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The Goose-Girl

He went at once to the royal chamber, and asked the bride who it was she had brought with her and had left thus standing in the court below. "Oh!" replied the bride, "I brought her with me to keep me company on the journey; give the girl something to do, that she may not be idle." But the old King had no work for her, and couldn't think of anything; so he said, "I've a small boy who looks after the geese, she'd better help him." The youth's name was Curdken, and the real bride was made to assist him in herding geese.

Soon after this the false bride said to the Prince: "Dearest husband, I pray you grant me a favor." He answered: "That I will." "Then let the slaughterer cut off the head of the horse I rode here upon, because it behaved very badly on the journey." But the truth was she was afraid lest the horse should speak and tell how she had treated the Princess. She carried her point, and the faithful Falada was doomed to die. When the news came to the ears of the real Princess she went to the slaughterer, and secretly promised him a piece of gold if he would do something for her. There was in the town a large dark gate, through which she had to pass night and morning with the geese; would he "kindly hang up Falada's head there, that she might see it once again?" The slaughterer said he would do as she desired, chopped off the head, and nailed it firmly over the gateway.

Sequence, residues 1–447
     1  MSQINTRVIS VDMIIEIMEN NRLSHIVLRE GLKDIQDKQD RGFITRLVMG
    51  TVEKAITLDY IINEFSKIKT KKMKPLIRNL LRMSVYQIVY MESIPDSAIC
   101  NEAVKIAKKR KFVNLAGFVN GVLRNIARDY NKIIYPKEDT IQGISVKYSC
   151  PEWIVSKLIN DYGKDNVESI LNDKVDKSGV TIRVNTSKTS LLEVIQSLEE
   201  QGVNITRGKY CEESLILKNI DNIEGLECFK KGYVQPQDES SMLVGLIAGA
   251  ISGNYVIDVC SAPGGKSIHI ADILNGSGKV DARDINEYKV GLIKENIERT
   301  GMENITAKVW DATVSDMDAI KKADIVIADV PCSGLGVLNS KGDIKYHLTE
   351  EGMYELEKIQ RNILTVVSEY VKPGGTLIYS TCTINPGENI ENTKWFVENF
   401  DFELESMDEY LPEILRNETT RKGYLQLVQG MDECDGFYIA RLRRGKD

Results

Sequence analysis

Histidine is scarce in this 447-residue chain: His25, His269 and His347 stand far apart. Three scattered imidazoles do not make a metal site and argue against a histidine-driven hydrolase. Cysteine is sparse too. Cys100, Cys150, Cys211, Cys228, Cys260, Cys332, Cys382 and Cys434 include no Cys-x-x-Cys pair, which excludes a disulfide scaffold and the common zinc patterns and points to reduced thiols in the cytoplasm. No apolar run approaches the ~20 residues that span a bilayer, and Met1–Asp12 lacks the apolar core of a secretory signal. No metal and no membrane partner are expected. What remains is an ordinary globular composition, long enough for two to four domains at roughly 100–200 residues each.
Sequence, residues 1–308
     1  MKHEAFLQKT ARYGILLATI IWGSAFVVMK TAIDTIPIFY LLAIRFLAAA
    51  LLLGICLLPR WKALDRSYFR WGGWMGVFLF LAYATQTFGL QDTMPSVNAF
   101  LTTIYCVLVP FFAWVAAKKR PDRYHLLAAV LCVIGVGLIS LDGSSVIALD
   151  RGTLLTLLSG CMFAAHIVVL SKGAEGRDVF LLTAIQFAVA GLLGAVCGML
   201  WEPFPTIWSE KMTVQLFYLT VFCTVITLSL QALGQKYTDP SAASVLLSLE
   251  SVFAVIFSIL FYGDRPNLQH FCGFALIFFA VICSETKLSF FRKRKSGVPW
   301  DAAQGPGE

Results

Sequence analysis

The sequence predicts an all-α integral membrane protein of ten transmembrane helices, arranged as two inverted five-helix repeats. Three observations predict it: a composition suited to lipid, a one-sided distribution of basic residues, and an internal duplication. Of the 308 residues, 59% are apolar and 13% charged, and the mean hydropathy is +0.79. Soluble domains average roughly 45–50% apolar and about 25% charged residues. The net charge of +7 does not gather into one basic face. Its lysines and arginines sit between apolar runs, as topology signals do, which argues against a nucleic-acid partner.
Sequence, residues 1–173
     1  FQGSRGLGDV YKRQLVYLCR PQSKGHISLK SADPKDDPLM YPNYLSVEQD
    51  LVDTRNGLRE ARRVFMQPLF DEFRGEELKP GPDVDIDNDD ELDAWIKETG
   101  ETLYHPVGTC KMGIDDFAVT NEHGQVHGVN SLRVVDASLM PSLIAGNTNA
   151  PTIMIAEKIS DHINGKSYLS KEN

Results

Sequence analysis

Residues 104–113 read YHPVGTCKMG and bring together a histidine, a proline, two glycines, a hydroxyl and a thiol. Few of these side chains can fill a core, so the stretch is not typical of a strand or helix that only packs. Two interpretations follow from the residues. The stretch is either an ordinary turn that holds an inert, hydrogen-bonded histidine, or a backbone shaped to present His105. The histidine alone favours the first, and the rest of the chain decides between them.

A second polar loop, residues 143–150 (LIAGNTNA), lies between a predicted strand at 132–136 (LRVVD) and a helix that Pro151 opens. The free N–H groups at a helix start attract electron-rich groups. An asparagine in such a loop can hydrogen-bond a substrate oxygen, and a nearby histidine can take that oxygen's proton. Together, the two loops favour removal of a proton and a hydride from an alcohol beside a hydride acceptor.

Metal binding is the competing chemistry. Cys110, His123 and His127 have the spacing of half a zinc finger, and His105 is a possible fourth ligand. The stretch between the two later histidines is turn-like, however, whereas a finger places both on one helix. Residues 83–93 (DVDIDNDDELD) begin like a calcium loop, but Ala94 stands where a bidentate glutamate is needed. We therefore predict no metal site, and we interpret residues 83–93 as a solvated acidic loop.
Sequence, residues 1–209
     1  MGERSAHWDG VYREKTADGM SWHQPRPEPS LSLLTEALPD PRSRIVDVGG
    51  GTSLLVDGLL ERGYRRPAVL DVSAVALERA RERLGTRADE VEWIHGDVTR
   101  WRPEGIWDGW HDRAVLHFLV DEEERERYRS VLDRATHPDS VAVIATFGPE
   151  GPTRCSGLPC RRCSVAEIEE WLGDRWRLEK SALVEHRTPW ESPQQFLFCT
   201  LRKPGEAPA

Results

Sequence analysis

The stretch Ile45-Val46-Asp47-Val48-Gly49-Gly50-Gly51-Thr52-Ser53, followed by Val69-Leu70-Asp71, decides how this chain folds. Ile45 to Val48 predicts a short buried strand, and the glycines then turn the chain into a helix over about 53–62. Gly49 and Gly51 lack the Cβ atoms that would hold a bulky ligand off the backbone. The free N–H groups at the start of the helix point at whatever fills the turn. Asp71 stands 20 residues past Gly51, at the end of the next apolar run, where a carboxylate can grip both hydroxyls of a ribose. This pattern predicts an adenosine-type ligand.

Early next morning, as she and Curdken were driving their flock through the gate, she said as she passed under: "Oh! Falada, 'tis you hang there";

and the head replied:

" 'Tis you; pass under, Princess fair: If your mother only knew, Her heart would surely break in two."

Then she left the tower and drove the geese into a field. And when they had reached the common where the geese fed she sat down and unloosed her hair, which was of pure gold. Curdken loved to see it glitter in the sun, and wanted much to pull some hair out. Then she spoke:

"Wind, wind, gently sway, Blow Curdken's hat away; Let him chase o'er field and wold Till my locks of ruddy gold, Now astray and hanging down, Be combed and plaited in a crown.

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